“Hot? You bet it had been hot!” he told us. “We had ten days in a row over 46° (115F). Unprecedented. The grapevines shut down until it got cooler. We’re lucky to have had a vintage this year. In fact it’s been getting hotter and hotter for years now. We’re planting Portuguese varieties which can handle the heat better than the French ones.”
The climate change deniers simply say that it’s all cyclical, we’ve had more than one horrendous heatwave in the last 200 years, it’s all part of the Australian climate, the rains will return, they always have, in abundance. But were the glaciers melting 200 years ago?
Remember the school strike of only a couple of months ago? We know some nice people who uncritically accept newspaper stories which say that (a) there ain’t no climate change, and (b) other nations are putting lots of carbon into the air so why shouldn’t we? Also, they’re angry about the school strike because to them that sort of behaviour is simply teaching the children to be insolent and rebellious towards their parents and elders. Never mind that lots of parents and elders were in evidence at the strike demo in Sydney. No, the kids should be quiet and submissive, study hard and prepare to become cogs in the wheel (my phrase). Now, isn’t that precisely the attitude of the 0.1% towards the rest of us?

As I am sitting here looking out over Lake Arenal in Northern Costa Rica watching the wind turbines and parrots and other birds/wildlife while reading your article I am reminded of why I am here. I don’t know how to start a revolution back home in the USA but I do know how to plan an alternative. Chris I know you have brought up the idea of a Plan B and look forward to hearing more about a potential gathering spot for some of the tribe at some future point. I have read how some feel this is somehow running away from the problem or not being an appropriate Elder to the young but if you can’t change your home culture you still have the option to move to another culture that might be more in tune with your beliefs (and which might also offer better options for your future progeny). The act of moving is itself a strong statement against the BAU and might spur more change at your home location than simply remaining stationary…its happened many times throughout history and I see no reason this time should be different. I truly hope we can change things back home and haven’t given up hope on that possibility but don’t want to feel powerless to take definitive action regardless of what the Fed, the media and our politicians do going forward.

It must be getting tough for the deniers when “brilliant” minds like these are the only ones still standing. I wonder if this is the same congressman who said that god is a white supremacist and humans coexisted with dinosaurs.
There will still be some growth industries out there to cash in on. Erik Prince will soon blow Jeff Bezos out of the financial water and become the first multi-trillionaire when his 21st century Pinkerton style mercenary army (formerly known as Blackwater) is brought in to globally “maintain the peace.” Those South American death squad troops from the 80’s are probably looking to keep their families well fed and have a little fun on the side. Hell, the drug cartels will blow off the drug peddling when much more money can be made defending the last remaining and privatized sources of clean water. They could even merge with Bechtel.
The real free market has always been the black market. Mercenary armies are just following Monsanto’s example, or is it the other way around.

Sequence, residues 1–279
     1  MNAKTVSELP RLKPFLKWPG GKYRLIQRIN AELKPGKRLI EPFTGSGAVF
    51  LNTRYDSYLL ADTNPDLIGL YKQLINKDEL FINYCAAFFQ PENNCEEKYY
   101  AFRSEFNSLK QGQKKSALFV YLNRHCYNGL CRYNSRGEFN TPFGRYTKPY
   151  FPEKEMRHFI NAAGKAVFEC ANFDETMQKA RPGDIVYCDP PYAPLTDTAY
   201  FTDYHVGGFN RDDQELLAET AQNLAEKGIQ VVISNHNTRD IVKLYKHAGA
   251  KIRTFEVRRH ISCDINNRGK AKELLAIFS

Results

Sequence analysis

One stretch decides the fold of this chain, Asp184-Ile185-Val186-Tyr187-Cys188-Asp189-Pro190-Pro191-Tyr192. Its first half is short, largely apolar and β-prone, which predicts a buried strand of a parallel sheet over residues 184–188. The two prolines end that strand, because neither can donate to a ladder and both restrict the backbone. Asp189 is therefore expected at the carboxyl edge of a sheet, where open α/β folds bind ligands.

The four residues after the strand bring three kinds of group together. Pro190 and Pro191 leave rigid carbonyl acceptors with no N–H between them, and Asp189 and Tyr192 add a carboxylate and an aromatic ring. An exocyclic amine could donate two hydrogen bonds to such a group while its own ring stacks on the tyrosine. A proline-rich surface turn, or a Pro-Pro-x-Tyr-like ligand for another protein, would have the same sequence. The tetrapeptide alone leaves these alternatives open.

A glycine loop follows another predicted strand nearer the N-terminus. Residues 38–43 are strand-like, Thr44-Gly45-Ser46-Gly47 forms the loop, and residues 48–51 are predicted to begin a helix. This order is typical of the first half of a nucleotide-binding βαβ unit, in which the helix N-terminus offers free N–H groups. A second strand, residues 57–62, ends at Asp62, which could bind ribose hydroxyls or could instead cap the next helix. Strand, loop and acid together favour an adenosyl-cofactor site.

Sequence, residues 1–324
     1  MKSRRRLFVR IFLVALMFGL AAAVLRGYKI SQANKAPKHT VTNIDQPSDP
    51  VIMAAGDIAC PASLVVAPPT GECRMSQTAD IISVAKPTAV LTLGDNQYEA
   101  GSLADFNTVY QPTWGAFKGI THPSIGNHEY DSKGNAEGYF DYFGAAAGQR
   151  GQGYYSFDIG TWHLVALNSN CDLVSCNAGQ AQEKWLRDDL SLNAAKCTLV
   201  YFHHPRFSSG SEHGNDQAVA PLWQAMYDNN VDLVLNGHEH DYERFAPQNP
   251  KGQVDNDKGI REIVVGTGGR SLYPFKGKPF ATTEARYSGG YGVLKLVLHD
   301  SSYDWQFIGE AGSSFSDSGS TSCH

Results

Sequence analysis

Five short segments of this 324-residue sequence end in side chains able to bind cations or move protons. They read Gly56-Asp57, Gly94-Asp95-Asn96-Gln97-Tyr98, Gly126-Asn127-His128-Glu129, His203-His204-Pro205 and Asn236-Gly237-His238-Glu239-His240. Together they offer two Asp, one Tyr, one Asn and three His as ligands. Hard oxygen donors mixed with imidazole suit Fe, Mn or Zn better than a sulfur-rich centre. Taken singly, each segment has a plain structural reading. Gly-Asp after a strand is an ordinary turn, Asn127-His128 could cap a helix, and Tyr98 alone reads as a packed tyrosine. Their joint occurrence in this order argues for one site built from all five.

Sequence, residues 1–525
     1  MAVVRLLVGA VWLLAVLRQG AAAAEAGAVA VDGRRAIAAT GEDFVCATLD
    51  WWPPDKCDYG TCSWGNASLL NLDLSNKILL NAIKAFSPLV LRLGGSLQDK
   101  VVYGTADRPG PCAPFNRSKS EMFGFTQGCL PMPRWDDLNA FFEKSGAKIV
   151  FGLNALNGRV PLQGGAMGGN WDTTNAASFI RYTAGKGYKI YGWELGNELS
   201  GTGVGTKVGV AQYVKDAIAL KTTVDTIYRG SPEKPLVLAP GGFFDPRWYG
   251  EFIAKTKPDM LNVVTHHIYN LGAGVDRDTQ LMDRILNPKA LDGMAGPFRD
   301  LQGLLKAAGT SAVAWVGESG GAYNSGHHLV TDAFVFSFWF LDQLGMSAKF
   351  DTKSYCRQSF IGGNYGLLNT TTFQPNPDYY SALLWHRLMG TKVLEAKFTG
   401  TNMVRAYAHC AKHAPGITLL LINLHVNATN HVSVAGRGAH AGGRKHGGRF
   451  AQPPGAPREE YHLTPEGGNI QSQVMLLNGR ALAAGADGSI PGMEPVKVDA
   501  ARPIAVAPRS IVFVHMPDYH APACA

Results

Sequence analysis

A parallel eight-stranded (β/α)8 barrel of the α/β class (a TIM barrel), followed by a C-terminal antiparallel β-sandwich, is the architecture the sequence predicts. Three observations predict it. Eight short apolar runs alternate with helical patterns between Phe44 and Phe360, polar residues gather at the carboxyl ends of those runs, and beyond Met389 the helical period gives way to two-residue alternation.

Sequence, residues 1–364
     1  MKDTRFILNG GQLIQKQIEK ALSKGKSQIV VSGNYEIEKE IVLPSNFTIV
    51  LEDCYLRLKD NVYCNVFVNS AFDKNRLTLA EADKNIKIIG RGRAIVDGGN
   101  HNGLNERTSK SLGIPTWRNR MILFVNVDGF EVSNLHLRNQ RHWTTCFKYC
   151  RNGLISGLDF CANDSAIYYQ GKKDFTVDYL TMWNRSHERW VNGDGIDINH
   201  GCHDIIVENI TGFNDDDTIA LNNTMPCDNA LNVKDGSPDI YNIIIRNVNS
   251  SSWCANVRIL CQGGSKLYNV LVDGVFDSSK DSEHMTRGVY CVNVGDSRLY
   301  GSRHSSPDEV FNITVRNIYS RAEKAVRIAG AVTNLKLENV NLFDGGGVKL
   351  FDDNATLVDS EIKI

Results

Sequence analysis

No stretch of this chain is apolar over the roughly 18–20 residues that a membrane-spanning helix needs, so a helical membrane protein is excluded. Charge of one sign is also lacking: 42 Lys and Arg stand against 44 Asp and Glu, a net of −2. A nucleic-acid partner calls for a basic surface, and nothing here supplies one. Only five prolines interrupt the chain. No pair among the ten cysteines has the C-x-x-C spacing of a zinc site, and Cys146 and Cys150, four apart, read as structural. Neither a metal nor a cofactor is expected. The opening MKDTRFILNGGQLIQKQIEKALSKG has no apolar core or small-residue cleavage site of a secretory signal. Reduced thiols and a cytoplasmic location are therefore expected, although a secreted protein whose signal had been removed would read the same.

Right now I’m finding the Travelling Wilburys’ “End of the Line” quite therapeutic. The air of gentle melancholy, perhaps?

The link posted above by MICHAELJAEB was absolutely awesome. Sid Smith is a Ph.D. mathematician and head ov the Virginia Green Party.
I strongly recommend his talk. Chris, you will like this guy. He supports what you have been saying for years and is clear and realistic. We are way into overshoot, complex social structures collapse when energy flows do not sustain them. We are way past the turn around point. We are headed into massive collapse, population reduction, and possibly, will have the option to build a simpler, less complex life in the aftermath.

Here’s a useful analogy: Sitting in a motor car with the windows down, on a lovely sunny day. You feel comfortable, the air is blowing through the car keeping you cool.
Then you wind up the windows. That’s what we have done with greenhouse gasses.
After 10 minutes, you still feel fine. No problems. You may feel a little warmer. That’s where we are now.
But after an hour, it’s become dangerously hot in the car and you can’t stand it anymore, so you wind the windows down.
The difference between someone in a car in the sun, and all of humanity on this planet is that we don’t have a way of “winding down the windows”. We have no viable technology to draw down these warming gasses from the atmosphere. The turnover time of CO2 in the atmosphere is 500-1000 years. The IPCC takes for granted that such a technology will be forthcoming, but we still don’t have it, other than the slow and pretty ineffectual methods of tree planting, carbon sequestration in soils, biochar production and other measures that are like farting against thunder. Eventually we’ll be forced to attempt a geoengineering solution, such as pumping sulphates into the atmosphere to shield us, and that will come with its own potentially disastrous effects, and may not even work.
Catastrophic climate change will not be prevented. It’s already happened. I have stopped worrying about it with the help of an article in The Economist that discusses how we can apply a “discount rate” to the value of the future, depending on how much more important we deem the present to be. Read it.
I have one son, almost middle aged himself, and he is determined to have no offspring, so we really can ramp up the discount rate! 100% is where I’m setting it. Yes, we’ll take down some other species but Nature is fecund and in a billion years the place will be humming with life again.